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crime.” (Petition at 14.) Petitioner further explained that he is not versed in the law and “no one desire to help you in this state without holding your files for months and years before writing back to tell you there’s no way that they might assist you, in any areas of justice. Leaving you without what steps to take under laws.” (Id.) Needless to say, Petitioner has failed to articulate a proper basis for tolling the applicable limitation period, or for otherwise extending the time in which he had to file the instant petition. Moreover, as to equitable tolling, the Fourth Circuit Court of Appeals has stated that such tolling is allowed in “those rare instances where – due to circumstances external to the party’s own conduct – it would be unconscionable to enforce the limitations period against the party and gross injustice would result.” Rouse v. Lee, 339 F.3d 238, 246 (4th Cir. 2004) (en banc), cert. Denied, 125 S.Ct 209 (2004). See also United States v. Sosa, 364 F.3d 507, 511-13 (4th Cir. 2004). Here, the Petitioner does not set forth any basis which would support a finding that it would be unconscionable to enforce the limitations period, or that a gross injustice would result from such enforcement. Therefore, equitable tolling also is not available for the Petitioner. III. Conclusion The Petitioner has failed to demonstrate that his habeas Petition was timely filed in this Court. Accordingly, such Petition must be dismissed.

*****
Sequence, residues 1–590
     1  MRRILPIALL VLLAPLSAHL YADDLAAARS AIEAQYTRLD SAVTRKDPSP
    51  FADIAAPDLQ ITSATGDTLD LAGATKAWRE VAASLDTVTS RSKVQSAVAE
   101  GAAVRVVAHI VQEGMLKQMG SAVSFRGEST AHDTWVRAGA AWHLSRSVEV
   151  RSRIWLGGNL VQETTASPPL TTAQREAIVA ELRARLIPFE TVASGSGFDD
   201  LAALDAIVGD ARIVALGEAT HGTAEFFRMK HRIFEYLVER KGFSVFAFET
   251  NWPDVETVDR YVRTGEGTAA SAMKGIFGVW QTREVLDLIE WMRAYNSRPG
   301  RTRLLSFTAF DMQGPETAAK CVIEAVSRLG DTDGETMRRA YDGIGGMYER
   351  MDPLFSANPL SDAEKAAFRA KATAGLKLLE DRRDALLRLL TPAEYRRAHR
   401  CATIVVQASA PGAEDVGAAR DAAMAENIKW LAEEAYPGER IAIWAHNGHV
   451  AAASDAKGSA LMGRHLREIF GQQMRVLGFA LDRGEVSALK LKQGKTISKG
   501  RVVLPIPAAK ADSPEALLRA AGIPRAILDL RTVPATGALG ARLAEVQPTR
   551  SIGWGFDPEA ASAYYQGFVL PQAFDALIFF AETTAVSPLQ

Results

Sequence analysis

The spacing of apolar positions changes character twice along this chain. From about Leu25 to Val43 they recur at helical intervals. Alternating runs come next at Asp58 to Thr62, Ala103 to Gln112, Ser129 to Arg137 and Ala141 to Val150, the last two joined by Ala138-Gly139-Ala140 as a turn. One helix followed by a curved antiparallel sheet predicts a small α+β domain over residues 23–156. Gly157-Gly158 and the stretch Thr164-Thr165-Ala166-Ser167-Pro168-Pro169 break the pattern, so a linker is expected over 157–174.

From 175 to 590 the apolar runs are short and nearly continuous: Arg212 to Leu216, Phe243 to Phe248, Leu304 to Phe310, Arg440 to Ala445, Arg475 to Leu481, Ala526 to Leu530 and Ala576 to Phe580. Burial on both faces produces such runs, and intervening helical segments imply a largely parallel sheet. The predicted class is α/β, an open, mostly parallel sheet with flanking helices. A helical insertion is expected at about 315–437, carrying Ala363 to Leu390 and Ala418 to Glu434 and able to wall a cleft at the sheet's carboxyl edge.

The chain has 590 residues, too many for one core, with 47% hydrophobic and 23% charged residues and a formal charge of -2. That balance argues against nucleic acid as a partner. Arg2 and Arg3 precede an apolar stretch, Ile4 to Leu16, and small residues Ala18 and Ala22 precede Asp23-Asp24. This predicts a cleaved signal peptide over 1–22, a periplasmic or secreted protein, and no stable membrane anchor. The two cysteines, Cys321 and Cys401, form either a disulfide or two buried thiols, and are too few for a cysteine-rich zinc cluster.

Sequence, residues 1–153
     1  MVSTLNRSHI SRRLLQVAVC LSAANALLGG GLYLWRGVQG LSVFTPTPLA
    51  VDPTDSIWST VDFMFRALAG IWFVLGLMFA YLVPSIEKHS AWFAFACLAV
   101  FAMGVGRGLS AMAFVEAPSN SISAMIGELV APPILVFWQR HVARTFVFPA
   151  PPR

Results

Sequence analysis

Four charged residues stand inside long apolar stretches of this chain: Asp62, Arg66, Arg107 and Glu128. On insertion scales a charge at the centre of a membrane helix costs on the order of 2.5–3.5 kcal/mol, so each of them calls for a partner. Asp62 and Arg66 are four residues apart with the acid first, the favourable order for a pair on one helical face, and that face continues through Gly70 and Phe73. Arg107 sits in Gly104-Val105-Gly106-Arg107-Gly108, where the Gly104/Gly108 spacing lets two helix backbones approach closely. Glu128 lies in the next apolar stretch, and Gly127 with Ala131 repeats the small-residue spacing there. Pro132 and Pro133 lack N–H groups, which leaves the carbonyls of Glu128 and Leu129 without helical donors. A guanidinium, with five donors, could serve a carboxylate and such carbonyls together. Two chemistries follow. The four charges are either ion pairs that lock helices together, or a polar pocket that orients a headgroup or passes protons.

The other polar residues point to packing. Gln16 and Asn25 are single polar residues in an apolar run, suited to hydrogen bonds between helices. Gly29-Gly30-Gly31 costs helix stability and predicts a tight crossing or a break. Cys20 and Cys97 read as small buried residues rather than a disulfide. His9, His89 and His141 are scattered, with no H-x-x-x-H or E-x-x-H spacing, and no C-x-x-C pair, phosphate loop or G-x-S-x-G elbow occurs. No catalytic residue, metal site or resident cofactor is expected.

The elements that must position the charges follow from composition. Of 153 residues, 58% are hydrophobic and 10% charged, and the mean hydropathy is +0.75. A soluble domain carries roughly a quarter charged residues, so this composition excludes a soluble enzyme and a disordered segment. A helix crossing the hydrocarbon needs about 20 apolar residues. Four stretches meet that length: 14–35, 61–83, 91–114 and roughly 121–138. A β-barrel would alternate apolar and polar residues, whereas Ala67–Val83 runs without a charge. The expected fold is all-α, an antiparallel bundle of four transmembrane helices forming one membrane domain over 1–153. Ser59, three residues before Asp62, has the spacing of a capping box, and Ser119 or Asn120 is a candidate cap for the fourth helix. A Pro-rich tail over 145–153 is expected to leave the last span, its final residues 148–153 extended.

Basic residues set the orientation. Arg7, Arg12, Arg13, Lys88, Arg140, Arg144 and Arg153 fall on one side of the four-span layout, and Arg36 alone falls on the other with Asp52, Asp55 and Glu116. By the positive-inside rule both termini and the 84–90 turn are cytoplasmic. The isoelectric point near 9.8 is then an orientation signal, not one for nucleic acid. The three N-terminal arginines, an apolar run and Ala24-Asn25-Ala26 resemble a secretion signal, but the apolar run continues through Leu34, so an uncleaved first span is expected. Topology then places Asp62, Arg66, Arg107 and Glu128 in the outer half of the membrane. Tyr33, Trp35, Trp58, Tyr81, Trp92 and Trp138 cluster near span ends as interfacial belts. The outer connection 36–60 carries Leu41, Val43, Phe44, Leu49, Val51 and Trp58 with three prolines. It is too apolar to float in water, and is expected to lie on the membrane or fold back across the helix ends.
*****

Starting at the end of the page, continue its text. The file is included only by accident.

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IV. Order NOW, THEREFORE, IT IS HEREBY ORDERED that the Petitioner’s Petition for a Writ of Habeas Corpus is DISMISSED.

SO ORDERED.

Signed: June 20, 2006